"Rockin out" During Nap Time by Shawnee Shahroody Spitler

They are down. I tiptoe past their doors barely breathing, listening for a sound. Please save your applause, my two boys (3 months old and 2 years old) are sound asleep AND at the same time, no less. With extra bounce, called glee, relief, freedom call it what you like, I fly down the stairs open the front door and place my note on the doorbell. "Please do not ring or knock, babies sleeping, thanks!" Really it says, you touch that f*&%$!g door or bell and I will mow you down. Do not disturb the sacred naptime. Don't you dare.
 
The high sets in and I am giddy with options, I could call my best friend, email, pay bills, spend an hour on the phone with the health insurance representative, work out on the Stairmaster, do sit ups, drink gallons of coffee and eat cookies, read, write, sleep, sit on the couch and stare out the window, laundry, watch DVDs, cry, pluck my eyebrows, paint my toes, pumice down the calluses on the bottom of my feet, clean every messy, disorganized drawer, shelf, and closet in my house that grates on my nerves, I could paint walls, caulk around the sink, and sweep the floor. I could clean toilets with a vengeance! I could do any of these things, but I don't. I plug my headset into my ears and turn up the iPod, really loud, so loud I can feel KT Tunstall pulsing in my chest and am assured I am killing the eardrums and bringing early on set of senior citizen deafness. My husband would say it's too late. "Huh, what did you say, honey?" " I feel like walking the world, you can tell she is a beautiful girl, beautiful girl…" "Suddenly I see, this is what I want to be, suddenly I see, suddenly I see, why the hell this means so much to me..."
 
My feet start moving, and shoulders and head start swaying. I hope the neighbors aren't watching. But who cares, right, I feel crazy, I am crazy, let loose, this is my one moment to forget. I suddenly understand that story my friend told me over ale in an English pub the summer of '97 about her aunt, a Midwest soccer mom, model member of the community, church going, who would get high on cocaine, crank up the music and vacuum the house naked while the kids were at school and husband at work.
 
I can remember when I lost my mind. Prolonged sleep deprivation. That is the culprit. It is temporary insanity of course, well sort of temporary. Could it be a justifiable defense in court? If the "Twinkie defense" worked. This is what I think about.
 
And this is my day today. I care for my charming and cheeky toddler and sweet infant, navigate through sound and enlightened parenting principles (thinking I am going to do it better than my parents), no time for self care, defend my frayed nerves from their cries and whining, carry my baby by sling despite my back aches, adhere to my bible, Dr. Weissbluth's "Healthy sleep habits, happy child" (It really should read "healthy sleep habits, happy parents"), clean up at a minimum fallen magnets, blocks and my sons' collection of pine needles, and change diapers size 2 and size 5.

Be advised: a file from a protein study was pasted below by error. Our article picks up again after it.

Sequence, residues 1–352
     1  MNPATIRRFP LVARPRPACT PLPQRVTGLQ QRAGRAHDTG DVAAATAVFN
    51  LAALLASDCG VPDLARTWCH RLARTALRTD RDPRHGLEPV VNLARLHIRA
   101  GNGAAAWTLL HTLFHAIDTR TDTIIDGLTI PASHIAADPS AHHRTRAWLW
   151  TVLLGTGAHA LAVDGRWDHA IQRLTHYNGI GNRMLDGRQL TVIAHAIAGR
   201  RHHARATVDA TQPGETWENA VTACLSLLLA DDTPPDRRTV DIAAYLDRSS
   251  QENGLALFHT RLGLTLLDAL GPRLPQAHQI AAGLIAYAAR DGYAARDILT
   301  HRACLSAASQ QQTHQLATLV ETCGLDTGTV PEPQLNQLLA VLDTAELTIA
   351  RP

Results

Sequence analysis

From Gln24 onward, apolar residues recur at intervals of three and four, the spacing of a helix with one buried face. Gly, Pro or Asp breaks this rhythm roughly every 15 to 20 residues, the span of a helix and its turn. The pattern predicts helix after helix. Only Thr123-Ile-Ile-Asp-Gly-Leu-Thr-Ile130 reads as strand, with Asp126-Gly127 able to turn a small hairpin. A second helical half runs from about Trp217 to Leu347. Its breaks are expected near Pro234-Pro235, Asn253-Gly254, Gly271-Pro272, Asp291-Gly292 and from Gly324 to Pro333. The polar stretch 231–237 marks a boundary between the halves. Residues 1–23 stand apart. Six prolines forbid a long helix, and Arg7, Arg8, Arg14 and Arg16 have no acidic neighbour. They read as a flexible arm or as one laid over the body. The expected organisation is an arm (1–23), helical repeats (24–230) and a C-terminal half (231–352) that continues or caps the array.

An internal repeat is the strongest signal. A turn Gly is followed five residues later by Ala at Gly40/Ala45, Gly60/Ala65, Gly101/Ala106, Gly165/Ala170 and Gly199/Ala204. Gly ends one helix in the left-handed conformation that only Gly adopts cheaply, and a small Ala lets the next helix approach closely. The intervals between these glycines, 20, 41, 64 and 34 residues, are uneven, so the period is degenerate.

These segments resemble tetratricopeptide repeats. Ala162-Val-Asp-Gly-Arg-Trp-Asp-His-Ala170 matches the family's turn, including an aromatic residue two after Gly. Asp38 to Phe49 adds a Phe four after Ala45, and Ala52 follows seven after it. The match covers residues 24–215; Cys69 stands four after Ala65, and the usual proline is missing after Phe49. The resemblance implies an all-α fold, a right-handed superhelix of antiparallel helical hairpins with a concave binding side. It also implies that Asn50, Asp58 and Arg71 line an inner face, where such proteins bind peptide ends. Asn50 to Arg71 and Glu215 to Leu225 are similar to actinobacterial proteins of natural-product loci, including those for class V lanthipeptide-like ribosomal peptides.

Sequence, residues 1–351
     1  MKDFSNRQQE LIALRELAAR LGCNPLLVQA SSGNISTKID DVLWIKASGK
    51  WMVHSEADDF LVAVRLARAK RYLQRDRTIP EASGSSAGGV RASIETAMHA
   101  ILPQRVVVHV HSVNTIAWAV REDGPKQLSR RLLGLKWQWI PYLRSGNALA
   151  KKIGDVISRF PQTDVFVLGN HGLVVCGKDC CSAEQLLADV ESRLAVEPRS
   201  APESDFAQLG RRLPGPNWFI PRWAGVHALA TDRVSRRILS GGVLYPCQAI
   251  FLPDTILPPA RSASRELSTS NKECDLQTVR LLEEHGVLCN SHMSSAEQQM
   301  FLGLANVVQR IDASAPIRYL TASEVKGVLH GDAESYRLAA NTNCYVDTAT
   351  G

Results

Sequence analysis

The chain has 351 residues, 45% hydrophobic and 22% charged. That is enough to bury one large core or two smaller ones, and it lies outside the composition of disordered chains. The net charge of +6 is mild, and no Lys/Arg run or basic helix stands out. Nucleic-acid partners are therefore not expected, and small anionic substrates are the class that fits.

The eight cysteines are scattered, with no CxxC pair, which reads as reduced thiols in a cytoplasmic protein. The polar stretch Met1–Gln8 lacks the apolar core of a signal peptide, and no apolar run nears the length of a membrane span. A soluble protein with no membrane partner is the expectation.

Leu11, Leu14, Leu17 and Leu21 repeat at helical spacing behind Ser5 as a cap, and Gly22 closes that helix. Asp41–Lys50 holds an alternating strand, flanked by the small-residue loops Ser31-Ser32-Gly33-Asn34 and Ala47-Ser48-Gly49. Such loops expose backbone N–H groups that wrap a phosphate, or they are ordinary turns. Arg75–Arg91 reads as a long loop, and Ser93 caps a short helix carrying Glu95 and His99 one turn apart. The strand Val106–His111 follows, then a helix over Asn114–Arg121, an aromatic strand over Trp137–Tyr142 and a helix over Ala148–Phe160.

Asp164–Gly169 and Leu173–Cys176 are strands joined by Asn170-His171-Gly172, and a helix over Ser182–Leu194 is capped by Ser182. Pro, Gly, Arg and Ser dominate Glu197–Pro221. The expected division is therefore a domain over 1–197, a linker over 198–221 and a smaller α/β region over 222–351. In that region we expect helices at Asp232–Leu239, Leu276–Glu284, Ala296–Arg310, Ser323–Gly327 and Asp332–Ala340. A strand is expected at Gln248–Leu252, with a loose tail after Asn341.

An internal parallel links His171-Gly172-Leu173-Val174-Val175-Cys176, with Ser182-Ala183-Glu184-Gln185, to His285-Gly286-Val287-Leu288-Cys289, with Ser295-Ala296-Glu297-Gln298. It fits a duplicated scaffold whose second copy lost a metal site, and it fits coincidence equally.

Thoughts of getting in a car alone and driving to the airport pass through my head while I pick up crushed Rice Chex from under the toddler table. Now should I have given my son timeout for purposefully crushing Chex with his adorable two-year-old thumb? It was a cause and effect experiment. He is going to be a scientist when he grows up. He was thinking, if I take an intact Chex and apply all the pressure I can muster through my thumb, wow, it turns into a million little pieces. And to test his hypothesis, he sampled the experiment, over and over and over. Hypothesis was confirmed.
 
There it goes, there goes my bottom, shaking in all its post partum glory, to KT's beat. That is what it takes to let the beat take over, to let go. Watch out, here come the arms, turn, turn. Oh, the doorframe works for me. Memories of dancing on the bar counter in a skinny sequined top with my girlfriends in some funky bar in San Francisco incarnate this heavier body adorned in yoga pants, sweatshirt and holey socks. The socks are great for the pergo floor, slide, turn, and slide. I was twenty something on that bar counter and looking for a husband. I wanted the love of my life to start a blissful family; we would have love children, backpack together in the mountains and embark on international travel across the Far East each carrying a child. My advertisement read, across the back side of my tight size 6 jeans; "I am fun, sexy, passionate, capable and ambitious, just ask - I am in law school, I am great with kids, I am the love of your life and I will give birth to your children." Don't ask what my yoga pants, post partum pounds, sweatshirt, and holey socks are advertising today.
 
I feel the music more now than I ever did in my twenties. I may have more grays but I have the "power to be, the power to give, the power to see." There is nothing like letting go for a stay at home mom of two lil ones. There is a desperation that pushes through and pulses in my heart with each beat. It feels like a jailbreak, a display of fireworks. My twenty year old says, wait a minute, I am still here. Dance, dance. The thirty something's life experience merges with the twenty something's light heart. My body and the beat just take over, head shakes, hair flying, and arms in the air. My entire "me" is "rockin out" during naptime. My arm accidentally jerks an earphone out and I hear my two year old crying. Naptime is over.
 
Shawnee Shahroody Spitler is a freelance writer, located in Bend, Oregon and stay at home mom.